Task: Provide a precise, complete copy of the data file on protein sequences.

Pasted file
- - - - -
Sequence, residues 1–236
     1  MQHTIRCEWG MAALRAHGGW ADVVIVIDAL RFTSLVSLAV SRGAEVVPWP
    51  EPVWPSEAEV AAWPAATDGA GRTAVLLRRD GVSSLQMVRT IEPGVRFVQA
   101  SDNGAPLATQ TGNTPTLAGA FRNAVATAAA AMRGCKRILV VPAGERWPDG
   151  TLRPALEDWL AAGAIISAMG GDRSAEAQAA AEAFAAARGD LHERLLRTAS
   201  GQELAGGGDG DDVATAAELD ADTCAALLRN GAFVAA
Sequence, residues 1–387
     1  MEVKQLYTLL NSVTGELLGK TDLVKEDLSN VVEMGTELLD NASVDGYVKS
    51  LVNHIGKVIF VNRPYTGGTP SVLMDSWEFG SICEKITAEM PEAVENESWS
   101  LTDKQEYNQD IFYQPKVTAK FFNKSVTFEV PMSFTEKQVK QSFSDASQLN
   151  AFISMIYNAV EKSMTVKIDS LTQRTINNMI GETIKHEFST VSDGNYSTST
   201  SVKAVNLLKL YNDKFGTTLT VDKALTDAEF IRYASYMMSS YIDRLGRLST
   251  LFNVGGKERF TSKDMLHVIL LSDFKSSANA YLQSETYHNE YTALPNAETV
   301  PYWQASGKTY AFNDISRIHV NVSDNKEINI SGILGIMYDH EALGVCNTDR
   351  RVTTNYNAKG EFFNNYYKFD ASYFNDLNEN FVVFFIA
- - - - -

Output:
Sequence, residues 1–236
     1  MQHTIRCEWG MAALRAHGGW ADVVIVIDAL RFTSLVSLAV SRGAEVVPWP
    51  EPVWPSEAEV AAWPAATDGA GRTAVLLRRD GVSSLQMVRT IEPGVRFVQA
   101  SDNGAPLATQ TGNTPTLAGA FRNAVATAAA AMRGCKRILV VPAGERWPDG
   151  TLRPALEDWL AAGAIISAMG GDRSAEAQAA AEAFAAARGD LHERLLRTAS
   201  GQELAGGGDG DDVATAAELD ADTCAALLRN GAFVAA
Sequence, residues 1–387
     1  MEVKQLYTLL NSVTGELLGK TDLVKEDLSN VVEMGTELLD NASVDGYVKS
    51  LVNHIGKVIF VNRPYTGGTP SVLMDSWEFG SICEKITAEM PEAVENESWS
   101  LTDKQEYNQD IFYQPKVTAK FFNKSVTFEV PMSFTEKQVK QSFSDASQLN
   151  AFISMIYNAV EKSMTVKIDS LTQRTINNMI GETIKHEFST VSDGNYSTST
   201  SVKAVNLLKL YNDKFGTTLT VDKALTDAEF IRYASYMMSS YIDRLGRLST
   251  LFNVGGKERF TSKDMLHVIL LSDFKSSANA YLQSETYHNE YTALPNAETV
   301  PYWQASGKTY AFNDISRIHV NVSDNKEINI SGILGIMYDH EALGVCNTDR
   351  RVTTNYNAKG EFFNNYYKFD ASYFNDLNEN FVVFFIA